“Travel down the Don Valley in South Yorkshire. You just travel for mile upon mile of unused, brownfield, infrastructures land. Everything is there. The schools are there, the hospitals are there — the people are there. What do you do? You build housing estates in the Peak District. I can’t believe it. I think it is extraordinary.”
There is more than enough space in towns and cities to meet future housing demand, he says, because urban “density” in the UK’s cities is far lower than on the Continent. “The housing problems of Britain will not be solved in the countryside. That is my real message. The housing problems will be solved in the cities and there is absolutely nothing that this Government has done that promotes urban renewal.
“The density of cities is ridiculously low given the density of the British population is ridiculously low. London is a third of the density of Paris. Your average French settlement is seven storeys not three storeys.”
The National Planning Policy Framework (NPPF) “was written by developers”, many of whom are large donors to the Conservative party. This was like putting the poachers in charge of the prison,” he says.
“The housebuilders are a very powerful lobby. Many of them support the Conservative party. I have got no problem about this — it has always been thus. But I have never known a Government so susceptible to that particularly form of lobbying.”
Sir Simon blames Nick Boles, the planning minister who took over after the NPPF was largely set in stone, for making matters worse. Mr Boles’s “aesthetic sense” is “non-existent” and he has no idea of how to protect the countryside, says Sir Simon. “Nick Boles’s form of planning is simply a fight everywhere, I don’t think he has any vision of what a protected countryside looks like.”
Hostility toward Mr Boles in the countryside is so great that the minister is now costing votes as traditional Conservatives switch to Ukip, which is now fighting the planning reforms.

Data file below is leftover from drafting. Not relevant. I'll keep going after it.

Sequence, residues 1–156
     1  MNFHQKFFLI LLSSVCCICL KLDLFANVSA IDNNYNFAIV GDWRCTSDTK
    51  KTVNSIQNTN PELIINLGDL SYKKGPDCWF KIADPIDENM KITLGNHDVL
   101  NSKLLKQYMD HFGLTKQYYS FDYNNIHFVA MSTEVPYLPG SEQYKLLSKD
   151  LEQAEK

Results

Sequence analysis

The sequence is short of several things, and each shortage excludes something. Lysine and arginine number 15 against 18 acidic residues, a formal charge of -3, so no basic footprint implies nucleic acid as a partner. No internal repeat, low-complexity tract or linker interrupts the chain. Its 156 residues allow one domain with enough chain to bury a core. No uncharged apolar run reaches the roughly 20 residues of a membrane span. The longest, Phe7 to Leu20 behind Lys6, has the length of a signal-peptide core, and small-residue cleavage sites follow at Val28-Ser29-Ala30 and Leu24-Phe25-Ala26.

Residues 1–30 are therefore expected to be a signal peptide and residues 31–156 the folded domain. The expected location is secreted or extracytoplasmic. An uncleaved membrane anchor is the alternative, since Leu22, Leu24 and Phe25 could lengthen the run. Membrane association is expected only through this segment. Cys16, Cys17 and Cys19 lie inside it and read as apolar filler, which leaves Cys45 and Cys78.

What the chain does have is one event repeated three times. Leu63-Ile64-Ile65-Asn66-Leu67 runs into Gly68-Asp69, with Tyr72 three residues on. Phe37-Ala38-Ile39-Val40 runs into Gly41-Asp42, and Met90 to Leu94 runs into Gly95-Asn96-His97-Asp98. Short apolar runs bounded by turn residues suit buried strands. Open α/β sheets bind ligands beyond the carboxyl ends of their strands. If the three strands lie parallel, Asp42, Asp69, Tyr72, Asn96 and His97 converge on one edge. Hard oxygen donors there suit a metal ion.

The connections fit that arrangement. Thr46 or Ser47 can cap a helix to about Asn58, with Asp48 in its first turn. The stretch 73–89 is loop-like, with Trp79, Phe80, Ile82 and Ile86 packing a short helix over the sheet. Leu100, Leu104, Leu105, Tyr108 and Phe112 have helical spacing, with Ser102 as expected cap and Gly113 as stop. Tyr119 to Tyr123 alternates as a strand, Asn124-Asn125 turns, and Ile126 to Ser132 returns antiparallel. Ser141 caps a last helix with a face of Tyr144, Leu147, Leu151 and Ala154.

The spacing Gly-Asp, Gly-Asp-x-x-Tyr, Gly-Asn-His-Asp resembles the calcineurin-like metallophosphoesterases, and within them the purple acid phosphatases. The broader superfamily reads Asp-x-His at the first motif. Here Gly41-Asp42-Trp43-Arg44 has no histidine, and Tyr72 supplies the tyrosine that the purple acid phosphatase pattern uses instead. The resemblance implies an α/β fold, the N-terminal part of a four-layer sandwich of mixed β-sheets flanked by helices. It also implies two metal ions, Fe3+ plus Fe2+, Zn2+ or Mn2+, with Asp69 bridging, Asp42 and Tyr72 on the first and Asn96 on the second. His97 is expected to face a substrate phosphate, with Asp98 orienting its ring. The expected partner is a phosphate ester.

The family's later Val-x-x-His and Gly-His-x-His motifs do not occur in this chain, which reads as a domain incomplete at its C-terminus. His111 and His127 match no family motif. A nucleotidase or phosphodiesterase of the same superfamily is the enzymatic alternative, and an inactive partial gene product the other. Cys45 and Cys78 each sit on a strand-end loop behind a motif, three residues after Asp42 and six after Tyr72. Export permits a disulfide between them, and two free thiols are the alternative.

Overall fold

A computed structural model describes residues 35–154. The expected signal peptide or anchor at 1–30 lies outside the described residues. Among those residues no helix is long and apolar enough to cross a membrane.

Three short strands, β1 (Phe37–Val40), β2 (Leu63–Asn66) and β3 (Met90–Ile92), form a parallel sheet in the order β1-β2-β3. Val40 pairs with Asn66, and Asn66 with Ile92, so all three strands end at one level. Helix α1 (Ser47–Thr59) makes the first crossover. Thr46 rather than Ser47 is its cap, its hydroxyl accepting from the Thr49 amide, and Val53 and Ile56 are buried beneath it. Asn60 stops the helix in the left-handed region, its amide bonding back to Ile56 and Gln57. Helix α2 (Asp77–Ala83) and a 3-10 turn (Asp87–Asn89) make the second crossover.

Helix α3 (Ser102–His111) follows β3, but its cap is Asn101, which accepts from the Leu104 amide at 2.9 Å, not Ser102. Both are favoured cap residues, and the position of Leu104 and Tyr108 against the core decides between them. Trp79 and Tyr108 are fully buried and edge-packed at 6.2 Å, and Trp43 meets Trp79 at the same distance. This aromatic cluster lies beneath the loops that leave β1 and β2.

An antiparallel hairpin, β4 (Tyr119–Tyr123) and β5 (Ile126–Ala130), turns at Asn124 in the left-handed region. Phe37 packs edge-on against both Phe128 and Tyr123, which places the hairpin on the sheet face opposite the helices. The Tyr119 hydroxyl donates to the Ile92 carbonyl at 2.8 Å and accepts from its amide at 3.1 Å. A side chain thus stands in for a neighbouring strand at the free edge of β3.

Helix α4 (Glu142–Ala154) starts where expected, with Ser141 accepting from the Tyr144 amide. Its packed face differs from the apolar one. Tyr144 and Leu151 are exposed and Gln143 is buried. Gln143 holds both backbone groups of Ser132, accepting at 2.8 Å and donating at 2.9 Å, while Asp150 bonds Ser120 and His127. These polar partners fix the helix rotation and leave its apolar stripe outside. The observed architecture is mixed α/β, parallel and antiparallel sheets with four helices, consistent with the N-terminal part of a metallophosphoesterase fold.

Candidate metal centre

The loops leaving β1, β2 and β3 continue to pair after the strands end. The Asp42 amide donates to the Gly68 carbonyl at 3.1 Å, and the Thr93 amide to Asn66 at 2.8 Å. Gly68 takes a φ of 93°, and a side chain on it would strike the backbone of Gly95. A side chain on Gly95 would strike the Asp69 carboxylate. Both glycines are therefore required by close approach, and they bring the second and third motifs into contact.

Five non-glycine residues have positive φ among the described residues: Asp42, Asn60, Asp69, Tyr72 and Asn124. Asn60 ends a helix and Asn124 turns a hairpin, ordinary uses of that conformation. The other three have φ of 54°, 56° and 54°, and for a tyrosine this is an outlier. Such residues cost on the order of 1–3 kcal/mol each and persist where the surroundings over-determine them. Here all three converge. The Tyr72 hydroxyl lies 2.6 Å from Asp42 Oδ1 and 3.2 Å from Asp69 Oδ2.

“[Ukip leader] Nigel Farage regards Nick Boles as one of his best weapons. Where I have gone in my work in the National Trust, and where the ‘rule of Boles’, has applied, there ain’t many Tory voters left.”
He wonders aloud why the Trust was not given a greater say over the reforms: “There are so many things we could have done if we had been consulted. We had a complete raft of things we could have done. No interest shown at all.
“[Chancellor] George Osborne and Nick Boles wanted to do what the developers wanted and they thought that developers were jobs and growth — it was as naive as that. We are still picking up the pieces.” Sir Simon says the tax system could be altered to redress the balance and encourage developers to build on brownfield sites. He questions why builders have to pay 20 per cent VAT when they convert factories into flats, but newbuild sites are VAT-free. He says: “I am absolutely in no doubt that developed Britain could house all the new people apparently needing housing quite easily if the tax breaks, the planning and the will was there. There is no need to build on the countryside.”
Sir Simon also wants to bring back the rates system to replace council tax. “Personally I would go back to the rates and tax people by the amount of land and housing they are using, which I think is fair.” Sir Simon — who has long campaigned for planners to classify and grade rural land according to its worth — wants the NPPF to be redrawn to write in protections of rural views from wind farms and other rural monstrosities. Greater protections for countryside views “should be a part of the planning guidance. I honestly don’t think it was written by anybody who looks at a landscaped view.
“I read that document [the NPPF] through and I thought ‘did these people just go on holiday in Italy. Did they ever look at the English countryside? There was simply no sense of the aesthetic pleasure that people take from looking at views in the country.”
Sir Simon, 70, who stands down as chairman in October, has no regrets about fighting his war on planning on behalf of the Trust but clearly frets that his battle may have been vain. “Planning to me was core to our mission. We just had to say something about that because it was just such a real threat to everything. The Government would apparently be happy if all the villages of south-east England joined up.”
He says that he “genuinely does not think the British people want that”, and points out: “They have not been asked.”